Check out this monster of a camera. It was the world’s largest camera back in 1900, built for the specific purpose of shooting the largest photo in the world of the “handsomest train in the world.”
[N]o railway train in the world had ever presented so uniform and symmetrical design. No train of cars had ever before been built with windows of the same size, shape, and style from mail car to parlor car; the cars in no train heretofore had all been mounted on standard six-wheel trucks; no former effort had been made to have every car in the train precisely the same length and height; and no railway, except the Alton Road, had ever caused the tender of its locomotives to be constructed to rise to the exact height of the body of the cars following; the hood of its locomotives to the exact height of the roofs of the cars. This gave a fascinating beauty to the train.
To capture the beauty of the train, the builders decided they wanted a single panoramic photo to be captured of it. They commissioned Chicago-based photographer George R. Lawrence to shoot the panorama. At first Lawrence wished to shoot the train in sections and then stitch together the panorama during printing, but it was decided that stitching wouldn’t preserve the “absolute truthfulness of perspective.”
So, Lawrence created plans for a camera that would capture a single photo on a gigantic 8×4.5-foot plate — a plate three times larger than the largest plate photographed up to that point.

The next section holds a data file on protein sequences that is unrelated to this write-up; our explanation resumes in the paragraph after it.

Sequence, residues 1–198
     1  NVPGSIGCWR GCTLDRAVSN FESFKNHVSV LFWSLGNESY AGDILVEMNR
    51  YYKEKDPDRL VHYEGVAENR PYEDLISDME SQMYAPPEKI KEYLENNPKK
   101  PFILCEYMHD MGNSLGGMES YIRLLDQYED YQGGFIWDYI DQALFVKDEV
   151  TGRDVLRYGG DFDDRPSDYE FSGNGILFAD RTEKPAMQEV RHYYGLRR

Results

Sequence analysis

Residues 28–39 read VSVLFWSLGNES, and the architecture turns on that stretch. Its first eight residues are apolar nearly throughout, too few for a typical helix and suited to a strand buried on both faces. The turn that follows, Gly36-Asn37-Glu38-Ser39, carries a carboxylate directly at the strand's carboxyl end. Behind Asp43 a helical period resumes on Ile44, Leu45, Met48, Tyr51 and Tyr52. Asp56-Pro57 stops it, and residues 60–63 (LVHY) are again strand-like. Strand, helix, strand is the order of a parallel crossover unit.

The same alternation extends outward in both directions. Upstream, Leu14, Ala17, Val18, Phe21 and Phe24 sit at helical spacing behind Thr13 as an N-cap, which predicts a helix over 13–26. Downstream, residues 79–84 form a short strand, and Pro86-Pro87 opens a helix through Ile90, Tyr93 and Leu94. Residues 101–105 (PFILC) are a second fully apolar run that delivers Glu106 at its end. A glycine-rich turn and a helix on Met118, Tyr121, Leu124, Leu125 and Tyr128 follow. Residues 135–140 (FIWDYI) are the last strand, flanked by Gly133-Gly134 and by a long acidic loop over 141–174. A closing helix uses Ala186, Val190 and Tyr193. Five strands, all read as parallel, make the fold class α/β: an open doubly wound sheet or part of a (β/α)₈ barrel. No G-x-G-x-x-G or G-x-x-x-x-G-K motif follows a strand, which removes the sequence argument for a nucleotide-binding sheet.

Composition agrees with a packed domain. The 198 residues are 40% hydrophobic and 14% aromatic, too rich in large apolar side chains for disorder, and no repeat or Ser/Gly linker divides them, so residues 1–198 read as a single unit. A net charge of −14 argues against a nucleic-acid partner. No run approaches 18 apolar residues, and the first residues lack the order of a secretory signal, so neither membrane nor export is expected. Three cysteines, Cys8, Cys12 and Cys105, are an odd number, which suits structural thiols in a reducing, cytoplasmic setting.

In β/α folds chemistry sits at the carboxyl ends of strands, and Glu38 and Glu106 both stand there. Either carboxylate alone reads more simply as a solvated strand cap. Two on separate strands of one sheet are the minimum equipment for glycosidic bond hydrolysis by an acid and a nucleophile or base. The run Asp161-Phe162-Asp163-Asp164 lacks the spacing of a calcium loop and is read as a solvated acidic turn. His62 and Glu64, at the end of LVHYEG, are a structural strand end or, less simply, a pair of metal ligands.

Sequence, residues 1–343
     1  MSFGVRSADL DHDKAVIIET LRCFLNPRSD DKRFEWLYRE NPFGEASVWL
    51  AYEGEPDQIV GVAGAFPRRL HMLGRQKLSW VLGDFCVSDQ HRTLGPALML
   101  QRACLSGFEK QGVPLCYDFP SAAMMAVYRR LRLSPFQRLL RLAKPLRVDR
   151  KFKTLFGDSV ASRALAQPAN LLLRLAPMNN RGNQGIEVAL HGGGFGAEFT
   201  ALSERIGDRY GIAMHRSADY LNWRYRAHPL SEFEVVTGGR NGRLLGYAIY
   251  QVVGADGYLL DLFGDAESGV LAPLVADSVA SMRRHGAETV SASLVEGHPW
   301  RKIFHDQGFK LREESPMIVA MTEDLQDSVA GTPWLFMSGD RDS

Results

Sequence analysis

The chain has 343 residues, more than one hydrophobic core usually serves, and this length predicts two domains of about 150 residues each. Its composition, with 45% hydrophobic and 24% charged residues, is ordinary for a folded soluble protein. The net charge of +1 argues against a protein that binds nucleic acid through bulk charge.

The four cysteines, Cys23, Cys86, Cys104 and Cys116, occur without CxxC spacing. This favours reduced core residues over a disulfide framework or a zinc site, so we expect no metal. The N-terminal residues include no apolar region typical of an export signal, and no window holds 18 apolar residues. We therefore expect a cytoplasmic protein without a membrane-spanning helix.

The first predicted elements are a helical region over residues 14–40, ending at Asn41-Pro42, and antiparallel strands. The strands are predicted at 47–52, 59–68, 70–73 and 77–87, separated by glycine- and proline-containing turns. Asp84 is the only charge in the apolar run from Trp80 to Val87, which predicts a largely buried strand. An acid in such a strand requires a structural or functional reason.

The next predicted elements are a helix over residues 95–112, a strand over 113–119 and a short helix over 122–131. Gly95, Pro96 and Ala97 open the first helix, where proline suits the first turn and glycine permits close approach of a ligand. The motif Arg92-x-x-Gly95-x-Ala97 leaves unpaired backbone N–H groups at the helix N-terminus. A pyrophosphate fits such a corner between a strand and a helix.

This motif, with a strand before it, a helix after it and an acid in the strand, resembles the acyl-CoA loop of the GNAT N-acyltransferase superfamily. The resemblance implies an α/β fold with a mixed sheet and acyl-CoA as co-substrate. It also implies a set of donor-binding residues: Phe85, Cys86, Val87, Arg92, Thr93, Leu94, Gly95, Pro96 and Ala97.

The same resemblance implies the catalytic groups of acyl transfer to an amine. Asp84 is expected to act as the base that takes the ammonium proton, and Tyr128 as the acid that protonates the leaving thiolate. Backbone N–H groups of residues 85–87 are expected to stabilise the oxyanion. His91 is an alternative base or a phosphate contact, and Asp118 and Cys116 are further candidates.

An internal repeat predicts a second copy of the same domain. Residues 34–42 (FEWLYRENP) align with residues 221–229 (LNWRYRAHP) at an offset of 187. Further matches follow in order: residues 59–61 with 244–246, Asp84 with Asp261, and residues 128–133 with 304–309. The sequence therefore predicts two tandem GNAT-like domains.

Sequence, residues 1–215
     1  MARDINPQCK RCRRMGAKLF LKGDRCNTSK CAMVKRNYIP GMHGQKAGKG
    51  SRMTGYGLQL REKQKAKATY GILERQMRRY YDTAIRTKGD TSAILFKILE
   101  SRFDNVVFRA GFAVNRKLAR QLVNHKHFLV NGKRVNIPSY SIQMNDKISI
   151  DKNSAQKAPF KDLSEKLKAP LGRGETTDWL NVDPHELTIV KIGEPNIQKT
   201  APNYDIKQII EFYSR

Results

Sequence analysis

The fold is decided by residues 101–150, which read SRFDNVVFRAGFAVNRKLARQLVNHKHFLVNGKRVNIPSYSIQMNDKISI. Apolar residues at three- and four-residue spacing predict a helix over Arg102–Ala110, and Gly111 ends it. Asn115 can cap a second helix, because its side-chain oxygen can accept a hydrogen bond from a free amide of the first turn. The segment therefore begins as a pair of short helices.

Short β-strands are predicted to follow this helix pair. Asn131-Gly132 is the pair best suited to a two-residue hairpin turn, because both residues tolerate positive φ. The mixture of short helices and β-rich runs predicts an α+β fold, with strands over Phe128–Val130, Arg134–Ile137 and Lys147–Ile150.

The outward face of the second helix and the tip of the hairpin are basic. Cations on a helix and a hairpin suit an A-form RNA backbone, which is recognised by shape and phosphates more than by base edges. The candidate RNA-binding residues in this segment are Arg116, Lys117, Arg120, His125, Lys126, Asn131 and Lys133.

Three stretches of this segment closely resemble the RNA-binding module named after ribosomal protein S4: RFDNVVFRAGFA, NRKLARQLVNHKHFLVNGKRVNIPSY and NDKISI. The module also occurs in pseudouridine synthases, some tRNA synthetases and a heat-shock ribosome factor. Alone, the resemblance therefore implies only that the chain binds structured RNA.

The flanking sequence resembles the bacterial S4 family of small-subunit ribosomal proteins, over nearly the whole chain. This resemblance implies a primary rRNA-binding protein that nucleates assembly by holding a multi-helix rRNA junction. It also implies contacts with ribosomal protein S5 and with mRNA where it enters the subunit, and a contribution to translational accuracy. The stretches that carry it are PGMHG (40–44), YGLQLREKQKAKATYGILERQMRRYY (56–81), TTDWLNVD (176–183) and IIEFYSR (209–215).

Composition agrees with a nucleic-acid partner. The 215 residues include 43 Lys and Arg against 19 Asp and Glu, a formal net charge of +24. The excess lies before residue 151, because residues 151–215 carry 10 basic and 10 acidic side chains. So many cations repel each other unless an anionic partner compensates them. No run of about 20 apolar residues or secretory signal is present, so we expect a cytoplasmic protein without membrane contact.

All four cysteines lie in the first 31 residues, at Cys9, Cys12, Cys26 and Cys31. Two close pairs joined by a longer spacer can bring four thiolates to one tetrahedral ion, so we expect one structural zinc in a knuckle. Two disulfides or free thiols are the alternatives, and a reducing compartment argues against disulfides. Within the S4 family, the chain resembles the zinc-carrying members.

Building the camera took two and a half months to complete. It had a natural cherry wood body, a small track with two focusing screens (made with semi-transparent celluloid stretched across frames), rubber bellows with a heavy black canvas lining inside, and a curtain plate holder that took 10 gallons of cement to create.
The bed of the camera measured a whopping 20 feet in length (~6m) when fully extended. It weighed a whopping 1,400 pounds (635kg) when fully loaded and ready to shoot.
Two Carl Zeiss lenses — the largest in the world — were made for the camera. One was a 1676mm wide-angle lens, and the other was a 3048mm telephoto lens (which was used for the train photo).
On the day of the photo shoot, after the camera was transported to the location on a train, a crew of 15 camera operators set up the camera and captured a 2.5-minute exposure.
What resulted was the largest photo ever made on a single plate — a beautiful image of the “handsomest train in the world.”
The photo created a stir when it was exhibited at the 1900 Paris Exposition, and officials requested affidavits before they were willing to proclaim that it was the largest single-plate photo in the world.